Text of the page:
Objective To investigate sex- and gender-based differences linked to SARS-COV-2 infection and to explore the role of hormonal therapy (HT) in females. Study design Data from the self-administered, cross-sectional, web-based EPICOVID19 survey of 198,822 adults living in Italy who completed an online questionnaire during the first wave of the epidemic in Italy (April-May 2020) were analyzed. Main outcomes measures Multivariate binary logistic and multinomial regression models were respectively used to estimate the odds ratios (ORs) with 95% confidence intervals (CIs) for positive nasopharyngeal swab (NPS) test results and severe SARS-CoV-2 infection. Results The data from 6,873 participants (mean age 47.9 ± 14.1 years, 65.8% females) who had a known result from an NPS test were analyzed. According to the multivariate analysis, females had lower odds of a positive result from the NPS test (aOR 0.75, 95%CI 0.66–0.85) and of having a severe infection (aOR 0.46, 95%CI 0.37–0.57) than did their male counterparts. These differences were greater with decreasing age in both sexes. In addition, females aged ≥60 years receiving HT (N = 2,153, 47.6%) had a 46% lower probability of having a positive NPS test (aOR 0.54, 95%CI 0.36–0.80) than their same-aged peers who had never used HT; there were no differences in the younger age groups with respect to HT status. Conclusion Female sex was associated with an age-dependent lower risk of having a severe SARS-CoV-2 infection than their male counterparts. Age seemed to modify the relationship between HT status and infection: while the two were not related among younger participants, it was negative in the older ones. Future prospective studies are needed to elucidate the potential protective role sex hormones may play. Trial registration ClinicalTrials.gov NCT04471701.

Sex- and gender-related differences linked to SARS-CoV-2 infection among the participants in the web-based EPICOVID19 survey: the hormonal hypothesis

Caterina Trevisan
Secondo
;
Andrea Giacomelli;
2022

Abstract

Objective To investigate sex- and gender-based differences linked to SARS-COV-2 infection and to explore the role of hormonal therapy (HT) in females. Study design Data from the self-administered, cross-sectional, web-based EPICOVID19 survey of 198,822 adults living in Italy who completed an online questionnaire during the first wave of the epidemic in Italy (April-May 2020) were analyzed. Main outcomes measures Multivariate binary logistic and multinomial regression models were respectively used to estimate the odds ratios (ORs) with 95% confidence intervals (CIs) for positive nasopharyngeal swab (NPS) test results and severe SARS-CoV-2 infection. Results The data from 6,873 participants (mean age 47.9 ± 14.1 years, 65.8% females) who had a known result from an NPS test were analyzed. According to the multivariate analysis, females had lower odds of a positive result from the NPS test (aOR 0.75, 95%CI 0.66–0.85) and of having a severe infection (aOR 0.46, 95%CI 0.37–0.57) than did their male counterparts. These differences were greater with decreasing age in both sexes. In addition, females aged ≥60 years receiving HT (N = 2,153, 47.6%) had a 46% lower probability of having a positive NPS test (aOR 0.54, 95%CI 0.36–0.80) than their same-aged peers who had never used HT; there were no differences in the younger age groups with respect to HT status. Conclusion Female sex was associated with an age-dependent lower risk of having a severe SARS-CoV-2 infection than their male counterparts. Age seemed to modify the relationship between HT status and infection: while the two were not related among younger participants, it was negative in the older ones. Future prospective studies are needed to elucidate the potential protective role sex hormones may play. Trial registration ClinicalTrials.gov NCT04471701.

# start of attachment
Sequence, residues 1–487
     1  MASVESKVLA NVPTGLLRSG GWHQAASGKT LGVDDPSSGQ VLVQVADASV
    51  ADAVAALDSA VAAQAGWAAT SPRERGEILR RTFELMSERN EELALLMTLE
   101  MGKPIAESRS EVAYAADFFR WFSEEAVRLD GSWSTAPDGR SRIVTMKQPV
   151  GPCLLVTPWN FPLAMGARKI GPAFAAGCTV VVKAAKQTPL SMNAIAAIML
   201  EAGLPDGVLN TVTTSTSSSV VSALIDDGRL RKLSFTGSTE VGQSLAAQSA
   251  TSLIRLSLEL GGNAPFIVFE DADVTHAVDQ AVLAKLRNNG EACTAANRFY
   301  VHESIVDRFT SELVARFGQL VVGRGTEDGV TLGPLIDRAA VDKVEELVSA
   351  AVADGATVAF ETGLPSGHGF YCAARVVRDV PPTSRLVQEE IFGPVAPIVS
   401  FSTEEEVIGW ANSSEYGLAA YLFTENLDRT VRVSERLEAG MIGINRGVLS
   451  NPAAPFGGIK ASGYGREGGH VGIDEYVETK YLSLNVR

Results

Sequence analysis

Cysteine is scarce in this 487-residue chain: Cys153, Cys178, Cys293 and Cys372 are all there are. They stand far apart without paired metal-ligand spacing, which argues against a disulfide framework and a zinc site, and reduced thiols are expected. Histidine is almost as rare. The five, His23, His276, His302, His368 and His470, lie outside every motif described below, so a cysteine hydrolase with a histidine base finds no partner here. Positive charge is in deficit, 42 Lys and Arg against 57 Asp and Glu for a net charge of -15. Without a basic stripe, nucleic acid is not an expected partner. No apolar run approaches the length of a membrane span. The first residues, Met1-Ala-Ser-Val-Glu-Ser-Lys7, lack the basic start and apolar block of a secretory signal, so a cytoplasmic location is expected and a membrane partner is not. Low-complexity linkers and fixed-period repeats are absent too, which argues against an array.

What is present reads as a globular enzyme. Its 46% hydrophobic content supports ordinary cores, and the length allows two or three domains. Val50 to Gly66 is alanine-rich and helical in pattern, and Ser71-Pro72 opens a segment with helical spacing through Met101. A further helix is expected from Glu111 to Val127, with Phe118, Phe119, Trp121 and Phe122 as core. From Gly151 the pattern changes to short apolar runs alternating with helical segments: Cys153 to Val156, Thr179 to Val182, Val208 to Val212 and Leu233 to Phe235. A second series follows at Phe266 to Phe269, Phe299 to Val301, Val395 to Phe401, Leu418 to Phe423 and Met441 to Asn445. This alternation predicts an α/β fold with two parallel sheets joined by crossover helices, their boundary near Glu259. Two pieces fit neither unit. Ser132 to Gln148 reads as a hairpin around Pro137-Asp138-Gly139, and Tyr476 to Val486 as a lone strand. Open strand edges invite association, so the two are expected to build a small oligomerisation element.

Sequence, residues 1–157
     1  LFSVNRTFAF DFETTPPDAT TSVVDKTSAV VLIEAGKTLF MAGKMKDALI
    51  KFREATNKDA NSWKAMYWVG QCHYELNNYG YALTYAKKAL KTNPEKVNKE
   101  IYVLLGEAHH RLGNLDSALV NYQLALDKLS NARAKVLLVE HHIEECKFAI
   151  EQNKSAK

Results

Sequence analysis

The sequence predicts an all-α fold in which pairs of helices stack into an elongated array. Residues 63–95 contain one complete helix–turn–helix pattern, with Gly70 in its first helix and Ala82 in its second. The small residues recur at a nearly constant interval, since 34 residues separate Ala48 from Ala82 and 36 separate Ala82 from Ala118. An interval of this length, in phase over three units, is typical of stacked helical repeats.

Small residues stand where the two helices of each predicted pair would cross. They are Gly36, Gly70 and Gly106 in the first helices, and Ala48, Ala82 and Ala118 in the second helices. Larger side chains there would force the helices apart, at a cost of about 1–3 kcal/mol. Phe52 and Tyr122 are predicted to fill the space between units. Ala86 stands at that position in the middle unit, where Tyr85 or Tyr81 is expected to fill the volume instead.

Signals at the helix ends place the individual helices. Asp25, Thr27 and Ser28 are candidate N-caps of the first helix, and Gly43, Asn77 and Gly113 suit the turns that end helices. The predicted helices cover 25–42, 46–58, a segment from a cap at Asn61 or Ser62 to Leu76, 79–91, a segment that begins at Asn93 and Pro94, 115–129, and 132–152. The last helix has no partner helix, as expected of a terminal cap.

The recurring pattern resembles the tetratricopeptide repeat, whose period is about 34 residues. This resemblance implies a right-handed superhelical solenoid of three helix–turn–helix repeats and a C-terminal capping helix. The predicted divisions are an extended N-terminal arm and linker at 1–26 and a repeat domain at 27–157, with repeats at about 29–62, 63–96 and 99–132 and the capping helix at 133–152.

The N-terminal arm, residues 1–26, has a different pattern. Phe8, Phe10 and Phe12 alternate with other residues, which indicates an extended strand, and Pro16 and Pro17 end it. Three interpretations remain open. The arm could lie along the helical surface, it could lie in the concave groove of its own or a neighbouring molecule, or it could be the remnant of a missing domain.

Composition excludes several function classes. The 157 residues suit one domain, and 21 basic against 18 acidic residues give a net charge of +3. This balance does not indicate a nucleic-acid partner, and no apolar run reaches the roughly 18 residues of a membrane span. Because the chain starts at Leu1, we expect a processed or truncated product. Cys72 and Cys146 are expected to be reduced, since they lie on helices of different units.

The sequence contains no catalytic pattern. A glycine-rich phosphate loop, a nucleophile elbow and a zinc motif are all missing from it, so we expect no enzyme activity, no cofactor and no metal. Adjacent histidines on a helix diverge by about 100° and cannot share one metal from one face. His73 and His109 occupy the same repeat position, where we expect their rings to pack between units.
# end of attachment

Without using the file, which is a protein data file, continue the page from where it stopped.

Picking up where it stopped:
2022
Prinelli, Federica; Trevisan, Caterina; Noale, Marianna; Franchini, Michela; Giacomelli, Andrea; Cori, Liliana; Jesuthasan, Nithiya; Antonelli Incalzi, Raffaele; Maggi, Stefania; Adorni, Fulvio; Working Group, Epicovid19
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Utilizza questo identificativo per citare o creare un link a questo documento: https://hdl.handle.net/11392/2494605
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